Date published: 2019-01-03
    Rated 5 out of 5 by Newmooner from Excellent flavor better than its comparable macro My third brew with MB and wow! Blown away at the flavor. It is very delicious and won't last long in this household. My wife demands I brew it again! The beer turned out a little darker than its shocktop/blue moon brethren but don't be afraid it is definitely a clone of those brews.
    Date published: 2016-02-24
    Rated 5 out of 5 by gr62063 from Cranberry Ginger Ale This was my 20th batch, and like most I have started experimenting. I thought this recipe would be a good starting point to simulate a Cranberry Ginger commercial beer I liked. I used all the ingredients in the recipe plus one booster pack, then added a 12oz can of cranberry juice concentrate and 2 tsp of ground ginger - added two weeks before bottling and after one week of ferment (so a 3 week ferment). Then bottle conditioned for 10 agonizing weeks. Results were my second 5 star beer by my own scale. This will definitely be in the lineup for next Christmas, but I think it could also go well on a hot summer day so I may try another batch for August.
    Date published: 2017-12-17
    Rated 3 out of 5 by Nomad from Blue Moon? I don't think so! I don't see why this is being compared to Blue Moon or Shock Top. I'm not that big of a fan of either of those (mostly because they're mega-breweries masquerading as micro breweries), but I'd prefer them over this brew. The orange zest and coriander are overpowered by the citrusy Hallertau hops. It makes this brew reminiscent of grapefruit juice. I think I may try it again and skip the dry hopping step...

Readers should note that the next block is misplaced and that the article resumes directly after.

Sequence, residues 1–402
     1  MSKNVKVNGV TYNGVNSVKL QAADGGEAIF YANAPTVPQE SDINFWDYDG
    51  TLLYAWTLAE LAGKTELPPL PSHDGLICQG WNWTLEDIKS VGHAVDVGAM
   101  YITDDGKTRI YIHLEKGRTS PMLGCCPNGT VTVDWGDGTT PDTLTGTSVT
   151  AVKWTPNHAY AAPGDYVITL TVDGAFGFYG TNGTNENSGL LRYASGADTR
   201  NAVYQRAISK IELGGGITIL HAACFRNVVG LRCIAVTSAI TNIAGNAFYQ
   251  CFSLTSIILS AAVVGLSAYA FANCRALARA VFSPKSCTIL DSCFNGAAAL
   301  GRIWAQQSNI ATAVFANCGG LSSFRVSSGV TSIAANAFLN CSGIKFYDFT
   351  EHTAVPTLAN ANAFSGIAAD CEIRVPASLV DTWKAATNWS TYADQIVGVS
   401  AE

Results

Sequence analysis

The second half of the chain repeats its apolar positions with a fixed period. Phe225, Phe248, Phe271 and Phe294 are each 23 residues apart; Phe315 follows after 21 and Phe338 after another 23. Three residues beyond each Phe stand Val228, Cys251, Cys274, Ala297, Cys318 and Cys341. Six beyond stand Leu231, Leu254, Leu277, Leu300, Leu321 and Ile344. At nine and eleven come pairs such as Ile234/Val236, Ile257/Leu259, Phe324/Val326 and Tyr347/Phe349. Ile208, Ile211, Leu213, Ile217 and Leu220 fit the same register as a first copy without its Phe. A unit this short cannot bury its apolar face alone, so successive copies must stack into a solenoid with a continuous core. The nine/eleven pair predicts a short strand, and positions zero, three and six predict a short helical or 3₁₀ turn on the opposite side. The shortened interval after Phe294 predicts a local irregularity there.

Date published: 2017-05-12
    Rated 4 out of 5 by David from Real Good This one came out real good for me. It is the best one out of the 10 batches I have made. I will make it again next summer. Tasted the best after 4 weeks in the bottle.
    Date published: 2015-08-20
    Rated 5 out of 5 by Butch28 from Love Belgian Blanc I brewed this in January. I fermented for 2 weeks, Carbonation for 3 weeks and Conditioned for 3 weeks. I tried a bottle at two weeks and was a little green. However after the third week it is Just Wonderful. Has a slight orange flavor, smooth and not hoppy. Just the way I like my beer. This is a must brew!
    Date published: 2017-03-17
    Rated 5 out of 5 by Nate from Great Beer This one turned out great! I highly recommend it. I used a Honeybell instead of a regular orange, but I'm sure it would be fine the other way too. It tastes similar to a Blue Moon, only much more fresh. I let all of my friends and family try the finished product, and there was only positive feedback.
    Date published: 2015-05-17
    Rated 4 out of 5 by EricsLatestMistake from Difficulty bottling? I haven't gotten to taste the finished product yet, though the Final Gravity sample was definitely promising. I would suggest that folks either put their orange rind in a hopsack or siphon the beer off to another obtained for bottling. I had bits of orange and probably coriander clog my bottling wand and eventually the spigot. I am definitely looking forward to tasting this, but my "first aid" was not ideal. That said, if the final taste lives up to my expectations, I will brew it again.
    Date published: 2016-09-06